18+ shows snub student listeners


Columnist David Colton poses for a picture.

18+ concerts are pointless.

Age-restricted shows are now dominant across Chicago, and they aren’t doing anything but hurting young listeners and limiting ticket sales.

“We have around 350 shows every year,” explains Joe Shanahan, owner of The Metro and The Double Door in downtown Chicago.

However, only about 40% of these shows are all-ages, meaning that the remaining 60% are all at least 18+.

This means that as students, we have less than half of the opportunities to see live music than the adult world.

Aren’t we already limited enough?

If you are under 18, you know what it’s like to be discriminated against based on your age. You can’t vote, get a tattoo, or buy a lottery ticket. Hell, you’re not even considered an adult! What’s the point of limiting us more by not allowing us into shows that we are mature enough to see? It’s not like we’re going to see live porn!

We are not kids anymore. We’re mature, and we deserve to have the opportunity to at least attend a live concert with adults.

            It’s not like it helps the venue

Age-restricted shows not only take away opportunities for us, but they actually hurt the venue by taking away an entire demographic of ticket buyers whose business could sometimes be greatly appreciated.

If there’s an artist that not many people know, like Ryan Hemsworth, who played the Double Door Nov. 13, limiting the age of the audience could result in a half-empty house (or half-full, depending on how you look at it). This is especially important for an act like Hemsworth, who played Dillo Day last year and is only 24 himself, because his pop-EDM style appeals to the youth. The show, however, was 21+, which means that a very large part of his audience was lost for the show, as they were unable to buy tickets.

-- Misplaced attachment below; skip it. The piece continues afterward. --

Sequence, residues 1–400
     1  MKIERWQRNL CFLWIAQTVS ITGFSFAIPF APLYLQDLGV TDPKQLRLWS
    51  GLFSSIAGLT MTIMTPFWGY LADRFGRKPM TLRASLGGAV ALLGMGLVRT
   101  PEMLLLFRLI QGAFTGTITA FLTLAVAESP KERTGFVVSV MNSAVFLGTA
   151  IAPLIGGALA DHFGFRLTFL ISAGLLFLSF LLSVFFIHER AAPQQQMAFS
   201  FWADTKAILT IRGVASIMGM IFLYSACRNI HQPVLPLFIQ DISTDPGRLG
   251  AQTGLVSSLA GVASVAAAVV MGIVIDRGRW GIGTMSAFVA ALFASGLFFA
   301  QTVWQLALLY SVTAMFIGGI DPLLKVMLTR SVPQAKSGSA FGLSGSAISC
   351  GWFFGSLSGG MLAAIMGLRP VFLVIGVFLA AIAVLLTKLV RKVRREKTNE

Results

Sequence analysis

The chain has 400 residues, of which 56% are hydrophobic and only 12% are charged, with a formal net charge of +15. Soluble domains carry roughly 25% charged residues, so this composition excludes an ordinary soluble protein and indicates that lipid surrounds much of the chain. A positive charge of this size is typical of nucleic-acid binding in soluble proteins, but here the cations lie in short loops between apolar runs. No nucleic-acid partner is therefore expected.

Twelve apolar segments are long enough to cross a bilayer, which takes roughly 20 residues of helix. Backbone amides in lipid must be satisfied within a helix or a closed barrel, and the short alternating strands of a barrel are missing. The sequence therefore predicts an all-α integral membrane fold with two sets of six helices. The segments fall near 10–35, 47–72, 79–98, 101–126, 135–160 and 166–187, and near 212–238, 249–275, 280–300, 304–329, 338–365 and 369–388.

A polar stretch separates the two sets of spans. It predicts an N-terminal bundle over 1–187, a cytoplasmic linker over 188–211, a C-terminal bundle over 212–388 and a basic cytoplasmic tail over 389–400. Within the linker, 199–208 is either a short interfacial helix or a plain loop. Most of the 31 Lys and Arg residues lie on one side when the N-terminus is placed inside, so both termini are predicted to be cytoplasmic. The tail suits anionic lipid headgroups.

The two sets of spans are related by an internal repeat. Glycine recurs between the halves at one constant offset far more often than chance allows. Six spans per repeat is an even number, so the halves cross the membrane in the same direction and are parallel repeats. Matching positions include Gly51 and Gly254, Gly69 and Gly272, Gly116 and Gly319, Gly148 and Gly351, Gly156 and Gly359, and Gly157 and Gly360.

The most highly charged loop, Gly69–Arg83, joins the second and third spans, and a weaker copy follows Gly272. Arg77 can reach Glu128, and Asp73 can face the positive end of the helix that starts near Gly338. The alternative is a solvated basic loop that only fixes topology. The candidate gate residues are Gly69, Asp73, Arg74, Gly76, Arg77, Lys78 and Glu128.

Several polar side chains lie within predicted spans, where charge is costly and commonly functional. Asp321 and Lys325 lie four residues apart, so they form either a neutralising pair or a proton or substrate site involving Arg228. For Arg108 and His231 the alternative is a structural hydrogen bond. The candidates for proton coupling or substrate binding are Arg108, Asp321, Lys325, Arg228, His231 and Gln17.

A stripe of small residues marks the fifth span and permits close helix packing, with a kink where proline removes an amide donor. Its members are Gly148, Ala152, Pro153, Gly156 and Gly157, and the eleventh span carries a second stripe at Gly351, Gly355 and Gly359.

However, there are different factors which play into determining whether a show can be all ages or not. “Curfew plays a role in this too,” says Shanahan, “if a show is 18+, it probably doesn’t start until 8 or 9, while all-ages shows are usually doors at 6:30, show at 7:30.”

With a citywide curfew of 11 p.m. on weekends for ages 12-16, it is understandable how it can be difficult to please both the artist and the audience.

“Bands don’t wanna play shows at 7:30. Bands wanna play shows at 8 or 9,” explains Shanahan.

Obviously, we should abide by the city’s curfew, there’s no real excuse for breaking that law.

But even if this is the case, most bands don’t play more than an 1.5-2 hour set, which would end before curfew. According to their website, The Metro has 26 shows between now and April 10. Of these 26, 19 are 18+. All of these 18 and up shows start at 9 except for four, which begin earlier. This means that pretty much every show should be done before 11, which doesn’t touch the city’s curfew laws and doesn’t make the venue liable.

If the only reason a show is 18+ is because of curfew, us 17 year olds should be allowed in as well. The city’s curfew applies only to those under the age of 17, so there’s really no reason to make concerts unavailable to us for that reason.

In order to improve ticket sales and help allow young listeners to go enjoy their favorite live acts, venues in Chicago should decrease the number of age restricted shows, as well as change the age limit from 18 to 17. With this, the city could see more of a youthful presence at concerts, as well as an increase in ticket sales.

We deserve to see the music we love, and 18+ shows don’t allow us to do so.